Bigger and Bolder is Required

Jun 25, 2020

Letter from David Lucchino, Immediate Past Chair, MassBio Board and President & CEO, Frequency Therapeutics

Massachusetts is a leader in life sciences because our companies meet the greatest scientific challenges of the day. We must apply the same vision, energy, and commitment to meeting the social, equality, and equity challenges of our workplace and our world. Diversity and inclusion provide opportunities to people of all backgrounds and make our companies stronger. And as leaders, we must be the role models and we must be accountable in this effort.

To be clear, many leaders in the local life sciences cluster have been out in front of these issues and have made important progress. But real, lasting change, especially on racial equity, requires the work of leaders across all of our companies and not just from a select few.

Critical self-reflection is required to address issues of inequity. In 2016, MassBio brought focus to gender equality, seeking to understand and begin addressing why women were not advancing to senior levels, C-suites and boards of biopharma companies at the same rates as their male colleagues. We collected (and continue to collect) data to identify root causes and developed a set of actions for all our member companies to use for improving gender diversity at all levels, including programs to increase female representation on corporate boards. This remains a work in progress. For example, MassBio is collaborating with former MIT president Susan Hockfield and members of the Boston Biotech Working Group, to assist in their initiative to increase female representation on biotech boards to 25 percent by the end of 2022.

In early 2018, MassBio hired its first Director of Diversity and Inclusion to serve as a resource for member companies as the organization seeks to develop, scale and strengthen their internal D&I initiatives. We were one of the first trade associations in the U.S. to establish such a role. With strong D&I leadership in place, MassBio increased its focus on the issues of racial and ethnic diversity, reaching out to other like-minded organizations to collaboratively identify and act on solutions.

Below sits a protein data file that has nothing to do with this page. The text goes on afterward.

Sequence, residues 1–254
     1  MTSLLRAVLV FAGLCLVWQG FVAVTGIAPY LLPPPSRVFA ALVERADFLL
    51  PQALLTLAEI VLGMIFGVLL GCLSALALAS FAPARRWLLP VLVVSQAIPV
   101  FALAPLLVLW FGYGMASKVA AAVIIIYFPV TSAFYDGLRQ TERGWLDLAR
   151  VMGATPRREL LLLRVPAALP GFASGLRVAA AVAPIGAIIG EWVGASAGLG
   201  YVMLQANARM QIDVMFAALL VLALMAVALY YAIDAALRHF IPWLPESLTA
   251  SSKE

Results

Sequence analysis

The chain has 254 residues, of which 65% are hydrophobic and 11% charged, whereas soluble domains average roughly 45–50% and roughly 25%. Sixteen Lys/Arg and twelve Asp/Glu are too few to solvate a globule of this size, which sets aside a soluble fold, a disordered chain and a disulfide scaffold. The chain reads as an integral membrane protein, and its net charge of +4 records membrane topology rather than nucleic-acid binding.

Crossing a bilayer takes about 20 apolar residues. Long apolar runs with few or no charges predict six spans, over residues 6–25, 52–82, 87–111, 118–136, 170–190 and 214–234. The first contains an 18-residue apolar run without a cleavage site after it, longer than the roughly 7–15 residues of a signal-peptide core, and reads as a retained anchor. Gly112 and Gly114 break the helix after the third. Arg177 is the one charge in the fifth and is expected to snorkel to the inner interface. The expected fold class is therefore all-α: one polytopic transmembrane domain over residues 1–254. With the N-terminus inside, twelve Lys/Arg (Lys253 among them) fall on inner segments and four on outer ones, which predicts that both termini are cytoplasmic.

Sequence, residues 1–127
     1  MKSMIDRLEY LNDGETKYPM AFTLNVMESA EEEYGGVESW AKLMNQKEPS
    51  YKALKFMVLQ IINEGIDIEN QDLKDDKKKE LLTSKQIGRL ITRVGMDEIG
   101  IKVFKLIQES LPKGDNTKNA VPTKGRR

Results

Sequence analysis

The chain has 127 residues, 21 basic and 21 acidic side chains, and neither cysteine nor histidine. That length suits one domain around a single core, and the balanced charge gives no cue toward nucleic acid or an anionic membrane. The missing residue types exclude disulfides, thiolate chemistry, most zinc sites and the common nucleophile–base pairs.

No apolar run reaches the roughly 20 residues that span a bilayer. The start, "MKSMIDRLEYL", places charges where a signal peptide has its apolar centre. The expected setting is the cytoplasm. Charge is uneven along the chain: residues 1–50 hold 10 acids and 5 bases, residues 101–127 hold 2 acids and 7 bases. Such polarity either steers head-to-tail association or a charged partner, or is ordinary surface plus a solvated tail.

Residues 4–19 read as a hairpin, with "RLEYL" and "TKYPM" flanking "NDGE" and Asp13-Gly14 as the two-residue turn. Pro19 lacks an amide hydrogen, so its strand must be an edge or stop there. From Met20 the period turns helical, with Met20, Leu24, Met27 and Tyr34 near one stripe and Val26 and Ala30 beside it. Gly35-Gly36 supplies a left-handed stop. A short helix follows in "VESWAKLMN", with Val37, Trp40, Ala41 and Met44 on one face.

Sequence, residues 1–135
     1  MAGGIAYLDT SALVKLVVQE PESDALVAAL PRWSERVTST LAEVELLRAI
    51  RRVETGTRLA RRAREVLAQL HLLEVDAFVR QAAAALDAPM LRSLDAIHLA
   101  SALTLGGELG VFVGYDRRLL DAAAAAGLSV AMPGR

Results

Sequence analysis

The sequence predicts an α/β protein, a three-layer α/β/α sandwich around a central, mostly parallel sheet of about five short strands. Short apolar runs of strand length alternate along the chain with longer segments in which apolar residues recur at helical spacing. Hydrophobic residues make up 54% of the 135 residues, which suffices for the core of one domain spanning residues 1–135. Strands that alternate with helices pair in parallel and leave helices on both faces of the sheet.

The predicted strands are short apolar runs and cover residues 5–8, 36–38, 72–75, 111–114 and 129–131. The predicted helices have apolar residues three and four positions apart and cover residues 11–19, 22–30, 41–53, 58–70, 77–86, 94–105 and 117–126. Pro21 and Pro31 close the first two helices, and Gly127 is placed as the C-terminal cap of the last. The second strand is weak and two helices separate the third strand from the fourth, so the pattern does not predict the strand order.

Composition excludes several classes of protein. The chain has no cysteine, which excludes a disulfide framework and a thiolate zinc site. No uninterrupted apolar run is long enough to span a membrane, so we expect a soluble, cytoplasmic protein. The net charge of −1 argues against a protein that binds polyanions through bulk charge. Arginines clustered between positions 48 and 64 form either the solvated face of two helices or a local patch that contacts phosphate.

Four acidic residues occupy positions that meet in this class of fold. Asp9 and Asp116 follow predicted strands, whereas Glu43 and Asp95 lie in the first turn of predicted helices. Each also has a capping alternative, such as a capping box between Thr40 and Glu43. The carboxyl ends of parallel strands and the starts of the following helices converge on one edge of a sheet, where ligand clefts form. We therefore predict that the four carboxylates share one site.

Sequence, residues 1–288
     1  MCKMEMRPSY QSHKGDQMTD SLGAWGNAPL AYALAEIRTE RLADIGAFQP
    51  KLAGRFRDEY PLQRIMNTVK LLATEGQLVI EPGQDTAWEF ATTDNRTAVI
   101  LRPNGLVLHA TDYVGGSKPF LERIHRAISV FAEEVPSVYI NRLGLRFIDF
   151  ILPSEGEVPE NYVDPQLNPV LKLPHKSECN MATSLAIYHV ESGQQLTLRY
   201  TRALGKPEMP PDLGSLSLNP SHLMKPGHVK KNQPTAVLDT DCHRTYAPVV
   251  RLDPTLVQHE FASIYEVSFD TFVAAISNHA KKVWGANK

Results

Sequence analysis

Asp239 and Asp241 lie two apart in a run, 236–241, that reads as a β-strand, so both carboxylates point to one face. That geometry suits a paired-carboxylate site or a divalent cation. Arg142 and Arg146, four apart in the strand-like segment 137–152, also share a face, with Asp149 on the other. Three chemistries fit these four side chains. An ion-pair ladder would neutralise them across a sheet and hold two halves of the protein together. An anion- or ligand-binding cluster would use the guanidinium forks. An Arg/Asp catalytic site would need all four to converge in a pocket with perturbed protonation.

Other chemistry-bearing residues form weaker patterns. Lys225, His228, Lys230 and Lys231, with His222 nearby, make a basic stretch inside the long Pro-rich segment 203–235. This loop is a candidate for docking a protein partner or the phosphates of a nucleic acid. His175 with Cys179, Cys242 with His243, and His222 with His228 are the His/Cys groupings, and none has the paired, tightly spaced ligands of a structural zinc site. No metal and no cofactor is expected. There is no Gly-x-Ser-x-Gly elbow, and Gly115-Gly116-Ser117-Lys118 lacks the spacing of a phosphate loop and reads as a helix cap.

In early 2019, in conjunction with Life Science Cares, Mass Life Sciences Center, MassBioEd, and Bottom Line, we launched Project Onramp, an innovative and forward-looking program that aims to create access and break down barriers for high-achieving students from minority and other underrepresented groups to get coveted life sciences internship positions. Providing these students a foot in the door to the Massachusetts life sciences industry is a practical and impactful way to build a more diverse talent pool.

In its first year, Project Onramp placed 52 underserved and minority four-year college students in paid summer internships at 30 different Massachusetts life sciences companies. Although the COVID-19 pandemic made year two of Project Onramp more challenging, we have more than 30 students participating this year including nine who are returning as interns to the same companies that hosted them in 2019 – demonstrating the mutual benefit gained by the students and companies alike. This is a great first step, but we must do more.

As we look toward MassBio’s future D&I initiatives, our efforts must be bigger and bolder. We must use this moment as an opportunity to act. As the outgoing Chair of MassBio, I am asking the leaders in our life sciences community to broadly re-think how they are approaching D&I at their companies. Our leaders must align their words and their deeds. We must commit to measurable, demonstrable, and meaningful improvements.  We must commit to best practices to improve and achieve equity, diversity, inclusion, and culture.

In the coming weeks, MassBio will be issuing an industry-wide call to action to join this effort. We will outline how companies and their leaders can promote change and demonstrate accountability. I look forward to adding my signature. 

This is a time when our work in biotech and pharma has never been more valued. With more than 1,300 members, MassBio has a real opportunity to build momentum and create change across Massachusetts and beyond – and I know our new leadership is up to the task. I ask all my fellow executives to use this time and our collective energy, compassion, and ingenuity to better our industry and hold ourselves accountable for driving toward greater racial and gender diversity throughout our companies.

David Lucchino
Immediate Past Chair, MassBio Board
President & CEO, Frequency Therapeutics

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